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Submitted by Terry Hanstock
Obituary in The Scotsman
10 February 2005
Erwin Hillier, Cinematographer
Born: 2 September, 1911, in Berlin.
Died: 2 January, 2005, in London, aged 93.
Erwin Hillier was a cameraman whose work in the black and white era made him a master of the art. He was a superb artist, setting atmosphere and creating tension with incisive and imaginative angles.
Much of his best work was done with the eminent British directors Michael Powell and Emeric Pressburger in the 1930s, but in the 1950s Hillier found a renewed fame when he worked on Michael Anderson's The Dam Busters. His camera work drew critical acclaim for its use of authentic shots of the wartime tests on a Scottish loch, and thrilling aerial shots over the original German locations.
Hillier was born into an Anglo-German family. After art school he found work as a camera assistant, notably on Fritz Lang's first sound film, M, in 1931. He then moved to England and worked for Gaumont in the company's Shepherd's Bush studios, contributing to Alfred Hitchcock's 1933 romance, Waltzes from Vienna.
In 1935 he worked with Powell for the first time in a short called The Girl in the Crowd. The director was immediately impressed with Hillier's commitment to his work, describing him as "almost insanely enthusiastic... finding new points of view for the camera to explore, new movements for the camera to make, which would intensify the atmosphere and the action".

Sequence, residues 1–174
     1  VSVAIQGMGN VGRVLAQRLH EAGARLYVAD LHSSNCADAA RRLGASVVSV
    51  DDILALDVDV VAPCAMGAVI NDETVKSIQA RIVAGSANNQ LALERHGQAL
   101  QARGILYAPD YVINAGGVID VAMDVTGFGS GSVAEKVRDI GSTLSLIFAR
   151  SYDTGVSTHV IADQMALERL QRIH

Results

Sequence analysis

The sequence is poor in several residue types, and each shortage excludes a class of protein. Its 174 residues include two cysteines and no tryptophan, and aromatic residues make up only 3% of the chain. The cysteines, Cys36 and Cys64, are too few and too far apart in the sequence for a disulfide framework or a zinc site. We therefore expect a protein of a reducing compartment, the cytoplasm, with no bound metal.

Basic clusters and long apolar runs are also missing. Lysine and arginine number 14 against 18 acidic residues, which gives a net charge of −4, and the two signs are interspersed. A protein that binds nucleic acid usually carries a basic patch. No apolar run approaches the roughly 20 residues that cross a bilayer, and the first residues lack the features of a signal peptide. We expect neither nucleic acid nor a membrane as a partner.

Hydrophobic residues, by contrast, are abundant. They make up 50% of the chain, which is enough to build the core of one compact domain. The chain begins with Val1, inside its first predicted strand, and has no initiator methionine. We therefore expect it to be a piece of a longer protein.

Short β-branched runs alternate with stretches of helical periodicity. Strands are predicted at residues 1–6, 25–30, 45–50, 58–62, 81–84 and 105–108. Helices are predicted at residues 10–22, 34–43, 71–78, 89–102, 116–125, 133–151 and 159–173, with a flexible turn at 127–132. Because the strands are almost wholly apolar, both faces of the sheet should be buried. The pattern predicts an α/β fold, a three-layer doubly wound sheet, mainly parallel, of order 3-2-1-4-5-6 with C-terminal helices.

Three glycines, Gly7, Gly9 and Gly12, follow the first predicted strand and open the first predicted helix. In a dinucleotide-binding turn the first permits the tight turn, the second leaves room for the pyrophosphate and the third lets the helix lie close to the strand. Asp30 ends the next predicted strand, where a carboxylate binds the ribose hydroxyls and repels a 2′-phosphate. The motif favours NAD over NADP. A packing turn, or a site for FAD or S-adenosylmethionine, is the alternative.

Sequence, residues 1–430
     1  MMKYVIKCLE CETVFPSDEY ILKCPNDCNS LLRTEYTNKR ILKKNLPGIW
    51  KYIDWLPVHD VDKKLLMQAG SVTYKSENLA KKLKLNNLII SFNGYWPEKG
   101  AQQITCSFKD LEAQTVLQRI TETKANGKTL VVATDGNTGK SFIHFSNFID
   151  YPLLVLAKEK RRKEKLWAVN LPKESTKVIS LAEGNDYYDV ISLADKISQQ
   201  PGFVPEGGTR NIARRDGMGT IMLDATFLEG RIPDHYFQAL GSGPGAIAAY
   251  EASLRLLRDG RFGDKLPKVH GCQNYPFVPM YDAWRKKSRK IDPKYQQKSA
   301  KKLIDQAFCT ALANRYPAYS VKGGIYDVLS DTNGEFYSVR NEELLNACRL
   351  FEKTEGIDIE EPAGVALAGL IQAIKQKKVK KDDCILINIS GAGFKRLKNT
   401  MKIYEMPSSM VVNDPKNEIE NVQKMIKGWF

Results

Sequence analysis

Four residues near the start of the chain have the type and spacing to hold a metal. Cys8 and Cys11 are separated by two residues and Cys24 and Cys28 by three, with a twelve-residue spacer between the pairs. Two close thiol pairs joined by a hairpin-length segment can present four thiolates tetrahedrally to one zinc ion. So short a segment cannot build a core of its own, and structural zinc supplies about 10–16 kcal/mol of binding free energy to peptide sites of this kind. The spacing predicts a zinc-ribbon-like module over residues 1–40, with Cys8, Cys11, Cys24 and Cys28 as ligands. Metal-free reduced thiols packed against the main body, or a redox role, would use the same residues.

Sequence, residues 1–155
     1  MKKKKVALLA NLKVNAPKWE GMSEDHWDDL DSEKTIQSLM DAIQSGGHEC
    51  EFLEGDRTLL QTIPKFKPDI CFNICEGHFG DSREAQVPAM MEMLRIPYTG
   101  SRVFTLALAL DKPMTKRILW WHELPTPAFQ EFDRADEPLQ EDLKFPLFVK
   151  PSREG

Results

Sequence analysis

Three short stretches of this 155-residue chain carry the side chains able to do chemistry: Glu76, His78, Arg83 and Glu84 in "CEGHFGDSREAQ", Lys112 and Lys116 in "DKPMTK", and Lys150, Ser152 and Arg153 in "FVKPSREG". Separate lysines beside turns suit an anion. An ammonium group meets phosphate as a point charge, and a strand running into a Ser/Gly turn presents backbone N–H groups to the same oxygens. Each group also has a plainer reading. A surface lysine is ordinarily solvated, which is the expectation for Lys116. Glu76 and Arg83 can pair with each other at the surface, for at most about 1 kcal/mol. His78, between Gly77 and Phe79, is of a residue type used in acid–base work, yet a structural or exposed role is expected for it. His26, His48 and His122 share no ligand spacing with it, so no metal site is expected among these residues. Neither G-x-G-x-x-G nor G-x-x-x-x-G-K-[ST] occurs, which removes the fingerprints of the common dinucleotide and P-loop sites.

During the war years, Hillier was employed by Powell and Pressburger on two of their most memorable films. The wartime propaganda of A Canterbury Tale (1941) was dramatically thin, but Hillier's detailed photography won much praise.
This was followed in 1945 by the Powell/Pressburger classic I Know Where I'm Going, in which a headstrong girl (Wendy Hiller) goes to the Hebrides to marry a wealthy old man and is stranded on Mull. There she meets and marries a younger man (Roger Livesey). Hillier's wonderful photography of the Western Isles reflected the beauty of the area and was acclaimed by critics for its sensitivity and eloquence.
In 1946 Hillier was involved with a musical flop (London Town), perhaps significantly shot in Technicolor - a medium with which Hiller was less than happy. The October Man (1947, starring John Mills) was followed two year later by Private Angelo, directed by Michael Anderson. It was to prove a constructive partnership. Based on a novel by Eric Linklater, and adapted by and starring Peter Ustinov, it was the first of ten films Hillier and Anderson were to make together.
The most successful of these were Shake Hands With the Devil (1959) starring James Cagney as an IRA activist, and, in 1954 The Dam Busters. With a script by RC Sherriff and a rousing musical score by Eric Coates, the movie told of RAF raids on three Ruhr dams in 1943.
Studiously understated, the film gave a realistically exact portrayal of the preparation and drama behind the raids. It was shot in black and white specifically so that the footage of the bouncing bomb's wartime tests on Loch Striven in Argyllshire could be incorporated into the film. The loch was an ideal location for these trials. Its remoteness guaranteed secrecy, and its length of almost ten miles provided ideal conditions for the so-called "high-ball" tests.
For the post-raid shots, Hillier flew over the (by now rebuilt) dams and was surprised to find that incessant rain had flooded the area, recapturing the events of a decade earlier. The Dam Busters is a classic war movie that stands as one of the best examples of the derring-do film. Much of that credit must go to Hillier.
In 1965 Hillier and Anderson teamed up again for Operation Crossbow, a star-packed war yarn that ended in a blood-and-guts shoot-out. The following year they shot the The Quiller Memorandum, with a script by Harold Pinter and a cast led by Alec Guinness and George Segal. In 1968, his final film, The Shoes of the Fisherman, boasted such big names as Olivier and Gielgud, but failed to fire audiences' enthusiasm.
Hillier is survived by his wife, Helen, and their daughter.
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